A Visit To The Lemmon Rock Lookout In The Catalina Mountains   4 comments

Lemmon Rock Outlook overlooking The University of Arizona Steward Observatory and a “control-burn” on Mt. Lemmon.

Lemmon Rock Lookout on Mt. Lemmon. The lookout cabin is about 15′ by 15′.

Hiking friend Jim with Gus.

View toward the Tucson valley with a Osborne Fire Finder mounted in the center of the cabin.

View east in the Catalinas toward the Rincon Mountains.

David Medford has been at the lookout since 2010. Here David takes a picture of a group visiting the lookout.

David, supervised by Gus, takes a group picture with the Tucson valley in the background.

View out of the southwest corner of the lookout cabin.

View from behind Osborne fire finder.

Images by kenne

The above plack reads: Lemmon Rock Lookout Tower was erected in 1928. It is the oldest lookout still in use on the Forest. This general locale has been used as a fire lookout since the Coronado Forest Reserve was established in 1902. The current lookout structure was constructed according to 1920’s standard plans. It contains a work area, kitchen, sleeping area, and fire finder in the same room. This lookout played a role in the first aerial fire patrols which flew over the Santa Catalinas beginning in 1921.

The earliest Forest Service fire towers were trees cleared of branches with a simple platform on the top. They were constructed in locales which provided an open view of the surrounding forest. The first wooden tower was built about 1915. Numerous wooden towers were erected during the 1920’s, along with the establishment of telephone lines for reporting fire conditions.

Civilian Conservation Corps (CCC) enrollees stationed a camps on the Coronado National Forest during the 1930’s provided personnel for fire prevention work and additional fire tower construction. Architectural plans were developed throughout the Southwest Region for standard lookout towers made of wood and steel at this time. Few fire towers were built after World War II because of increasing dependence on air surveillance. Today, 50 permanent lookout towers remain on the forests of Arizona. Most are used seasonally, throughout the dry, windy spring and during the first rains of summer.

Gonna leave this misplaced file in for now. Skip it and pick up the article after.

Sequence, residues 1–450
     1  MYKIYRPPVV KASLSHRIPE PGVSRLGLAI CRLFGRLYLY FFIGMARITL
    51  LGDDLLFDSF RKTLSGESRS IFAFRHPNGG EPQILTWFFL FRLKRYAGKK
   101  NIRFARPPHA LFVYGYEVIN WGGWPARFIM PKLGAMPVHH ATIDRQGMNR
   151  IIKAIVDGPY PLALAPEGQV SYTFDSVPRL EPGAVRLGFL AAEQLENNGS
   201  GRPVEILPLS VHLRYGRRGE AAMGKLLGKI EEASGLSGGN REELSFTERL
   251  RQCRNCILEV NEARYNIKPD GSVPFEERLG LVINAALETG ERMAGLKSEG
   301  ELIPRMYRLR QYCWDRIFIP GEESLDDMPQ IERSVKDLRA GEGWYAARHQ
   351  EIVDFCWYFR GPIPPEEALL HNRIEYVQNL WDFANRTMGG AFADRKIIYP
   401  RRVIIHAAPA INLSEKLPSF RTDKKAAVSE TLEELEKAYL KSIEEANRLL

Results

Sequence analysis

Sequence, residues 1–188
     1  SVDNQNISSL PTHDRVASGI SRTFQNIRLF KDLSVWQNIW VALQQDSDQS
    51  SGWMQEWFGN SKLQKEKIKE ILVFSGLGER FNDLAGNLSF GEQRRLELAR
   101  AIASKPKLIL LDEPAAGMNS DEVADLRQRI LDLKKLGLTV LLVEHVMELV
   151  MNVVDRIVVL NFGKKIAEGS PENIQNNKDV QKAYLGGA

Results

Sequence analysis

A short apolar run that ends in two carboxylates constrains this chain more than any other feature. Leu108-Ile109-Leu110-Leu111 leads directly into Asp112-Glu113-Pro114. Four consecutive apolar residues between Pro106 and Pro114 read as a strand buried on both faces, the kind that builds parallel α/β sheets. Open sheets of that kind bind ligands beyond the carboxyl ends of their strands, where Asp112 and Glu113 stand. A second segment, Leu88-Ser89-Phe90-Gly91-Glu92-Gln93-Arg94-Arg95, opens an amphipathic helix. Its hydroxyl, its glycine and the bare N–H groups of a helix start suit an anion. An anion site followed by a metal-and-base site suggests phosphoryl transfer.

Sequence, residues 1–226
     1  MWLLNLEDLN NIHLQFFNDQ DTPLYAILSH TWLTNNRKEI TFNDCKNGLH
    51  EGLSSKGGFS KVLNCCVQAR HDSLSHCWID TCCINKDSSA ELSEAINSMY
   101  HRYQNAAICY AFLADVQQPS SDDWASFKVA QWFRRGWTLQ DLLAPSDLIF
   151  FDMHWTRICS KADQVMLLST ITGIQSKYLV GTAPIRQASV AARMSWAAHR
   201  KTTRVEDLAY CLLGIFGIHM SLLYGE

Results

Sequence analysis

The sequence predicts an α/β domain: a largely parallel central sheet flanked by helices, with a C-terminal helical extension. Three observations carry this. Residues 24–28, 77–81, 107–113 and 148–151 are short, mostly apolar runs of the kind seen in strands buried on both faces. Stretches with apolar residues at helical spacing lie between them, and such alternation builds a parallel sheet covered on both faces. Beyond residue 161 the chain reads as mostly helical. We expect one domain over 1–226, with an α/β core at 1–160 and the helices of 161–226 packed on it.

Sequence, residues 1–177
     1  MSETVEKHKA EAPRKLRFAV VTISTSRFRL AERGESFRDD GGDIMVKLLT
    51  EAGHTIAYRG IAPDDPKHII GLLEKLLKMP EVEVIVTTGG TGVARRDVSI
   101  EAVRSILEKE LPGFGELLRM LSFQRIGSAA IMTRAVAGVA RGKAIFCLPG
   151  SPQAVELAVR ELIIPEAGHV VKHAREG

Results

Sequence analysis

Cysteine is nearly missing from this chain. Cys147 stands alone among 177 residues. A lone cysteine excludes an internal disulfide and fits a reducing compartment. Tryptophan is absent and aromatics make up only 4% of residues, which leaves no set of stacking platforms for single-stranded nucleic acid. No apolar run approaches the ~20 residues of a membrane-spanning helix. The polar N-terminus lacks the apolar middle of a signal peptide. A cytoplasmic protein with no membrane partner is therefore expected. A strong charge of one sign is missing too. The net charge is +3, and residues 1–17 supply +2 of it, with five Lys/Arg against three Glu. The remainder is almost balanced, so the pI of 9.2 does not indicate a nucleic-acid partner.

The Forest Service has always emphasized fire detection and suppression to protect the timber reserves. Fire guards patrolled on horseback or searched for fires from high vantage points in the early years of this century. Wildfires were suppressed as quickly as possible, although forester and conservationist Aldo Leopold, in a review of Southwest fire activities between 1919 and 1923, reported the beneficial effects of fire in maintaining pine forests and in brush control. The Forest Service now emphasizes prevention of fire damage rather than strict suppression. This, fire may enhance natural conditions and reduce fire hazards. Modern fire fighting equipment such as airplanes and fire retardants, sophisticated communication systems, and fire management plans help protect and maintain forest and range lands today. The lookout tower, used for almost a century, still plays a valuable role in protecting our forests resources.

This Lookout Tower is listed on the National Register of Historic Places. Please help us protect it. 


When on Mt. Lemmon, visitors are encouraged to take the short hike down the Meadow Trail to the Lemmon Rock Lookout.


4 responses to “A Visit To The Lemmon Rock Lookout In The Catalina Mountains

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  1. wouldn’t mind that view


  2. Reblogged this on Becoming is Superior to Being and commented:

    This lookout perched on Lemmon Rock on Mt. Lemmon in the Santa Catalina mountains is a classic landmark. Four years ago today I had a chance to visit it and learn about the structure and its history. Current access by the public is not a easy as it once was.– kenne


  3. Thank you Kenne for reprinting the historic information. Ricki


    Ricki Mensching
  4. Kenne;
    This is David from the tower. I just came across this. I’m sorry to say Gus had to be put down in Dec 2016. Due to old age. He had a great life living in four states, working on three National Forests. After I completed my Master’s I accepted a job with The Karuk Tribe in Northern California. Call me if you get this message it’s been a few years. (530) 469-3207


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